I’ve long been an evangelist for using a microphone — any microphone — when shooting a social media video. On-camera mics rarely impress, especially at a distance, and great sound is critical to a successful message. But sometimes a lapel-style microphone won’t do. You’re doing an interview. You’re in a public setting and you want to pass the mic. You need a good all-purpose handheld microphone.
That’s where the TM-ST2 from TASCAM comes in. It’s an affordable, well-built and rich sounding microphone perfectly suited for social media and “pro-sumer” applications. I found myself purchasing this microphone when the need arose for doing interviews in the field. We needed something that was flexible, reliable and easy to use.
The TM-ST2 is a stereo microphone, giving you warm, dimensional sound. That said, the head of the microphone is noticably square. I’ve even compared it to a metal popsicle. It comes with a foam windscreen that removes a certain amount of the “boxiness” of it. This stereo microphone is particularly well-suited for lower-cost video cameras. The Kodak Zi8 and other recent video cameras often feature a 3.5mm stereo microphone input, and that’s what this mic gives you.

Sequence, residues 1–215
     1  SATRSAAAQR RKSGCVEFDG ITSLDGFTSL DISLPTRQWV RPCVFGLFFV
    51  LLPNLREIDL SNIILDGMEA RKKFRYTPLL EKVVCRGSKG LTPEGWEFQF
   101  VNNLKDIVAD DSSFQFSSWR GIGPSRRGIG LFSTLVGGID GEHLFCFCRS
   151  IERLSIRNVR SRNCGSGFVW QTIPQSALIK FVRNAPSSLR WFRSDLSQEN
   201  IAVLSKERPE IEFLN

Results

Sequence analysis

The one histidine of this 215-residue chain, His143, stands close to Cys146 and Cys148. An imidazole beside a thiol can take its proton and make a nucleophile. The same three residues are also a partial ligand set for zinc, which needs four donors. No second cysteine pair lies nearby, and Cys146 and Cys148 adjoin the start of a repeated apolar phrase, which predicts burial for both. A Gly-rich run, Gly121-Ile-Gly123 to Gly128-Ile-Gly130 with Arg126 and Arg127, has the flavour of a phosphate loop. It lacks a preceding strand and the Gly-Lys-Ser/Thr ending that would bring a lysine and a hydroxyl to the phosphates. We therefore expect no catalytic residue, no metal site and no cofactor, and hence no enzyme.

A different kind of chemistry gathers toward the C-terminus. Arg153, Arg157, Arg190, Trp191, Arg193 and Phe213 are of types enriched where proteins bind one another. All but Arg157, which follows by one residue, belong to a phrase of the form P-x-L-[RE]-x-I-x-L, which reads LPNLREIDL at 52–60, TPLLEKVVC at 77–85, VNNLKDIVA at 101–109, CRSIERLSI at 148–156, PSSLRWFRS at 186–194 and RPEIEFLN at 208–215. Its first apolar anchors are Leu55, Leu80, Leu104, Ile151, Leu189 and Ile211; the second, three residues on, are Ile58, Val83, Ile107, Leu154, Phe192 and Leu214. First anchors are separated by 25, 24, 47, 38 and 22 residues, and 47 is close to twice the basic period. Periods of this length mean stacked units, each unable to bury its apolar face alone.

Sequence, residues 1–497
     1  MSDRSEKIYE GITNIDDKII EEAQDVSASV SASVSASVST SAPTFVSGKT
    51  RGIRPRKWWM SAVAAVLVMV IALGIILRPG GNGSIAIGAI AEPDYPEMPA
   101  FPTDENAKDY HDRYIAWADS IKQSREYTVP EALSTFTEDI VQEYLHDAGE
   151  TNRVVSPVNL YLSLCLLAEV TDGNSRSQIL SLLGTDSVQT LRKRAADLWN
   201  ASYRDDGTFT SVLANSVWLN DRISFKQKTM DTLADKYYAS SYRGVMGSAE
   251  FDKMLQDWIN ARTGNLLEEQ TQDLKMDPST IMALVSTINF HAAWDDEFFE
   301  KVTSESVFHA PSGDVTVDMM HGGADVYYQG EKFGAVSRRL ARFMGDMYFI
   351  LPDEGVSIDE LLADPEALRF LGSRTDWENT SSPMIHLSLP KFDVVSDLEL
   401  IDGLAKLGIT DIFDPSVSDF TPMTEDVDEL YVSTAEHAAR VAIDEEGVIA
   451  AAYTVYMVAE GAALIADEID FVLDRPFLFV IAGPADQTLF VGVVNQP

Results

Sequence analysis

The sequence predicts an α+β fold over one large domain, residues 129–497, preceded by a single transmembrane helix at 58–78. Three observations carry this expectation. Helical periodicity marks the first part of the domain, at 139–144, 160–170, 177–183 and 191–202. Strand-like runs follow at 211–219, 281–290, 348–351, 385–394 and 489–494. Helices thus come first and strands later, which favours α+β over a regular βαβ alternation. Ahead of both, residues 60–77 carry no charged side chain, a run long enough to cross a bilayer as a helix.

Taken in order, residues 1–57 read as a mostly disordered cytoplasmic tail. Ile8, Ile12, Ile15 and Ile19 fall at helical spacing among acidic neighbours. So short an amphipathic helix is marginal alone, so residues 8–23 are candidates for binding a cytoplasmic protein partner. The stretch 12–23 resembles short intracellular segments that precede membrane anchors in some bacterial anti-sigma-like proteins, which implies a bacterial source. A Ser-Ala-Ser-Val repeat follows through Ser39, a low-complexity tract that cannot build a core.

What is particularly nice is the fact that the TM-ST2 comes with two cables. One is about 18-inches, which is perfect for mounting it on or close to the camera. The other is 10-feet, which is perfect for interview situations. Both cables are sturdily-built and look poised to endure a good amount of field use. With our Canon Vixia camera, we permantently attached the short cable to the camera and use a regular XLR microphone cable between that and the microphone. This gives us the latitude to attach longer cables for different situations.
Your options aren’t limited to video recording either. If you’re doing audio interviews or recording, this microphone could be used with mini-disc recorders or digital dictation recorders. You can even use it with the sound card input of your computer.
Like most condenser microphones, this model requires power to operate. This comes in the form of a single “AA” battery in the base of the microphone itself, which lasts about 400 hours. It features a simple on-off switch, and a “low cut” filter to remove low-frequency rumble during recording.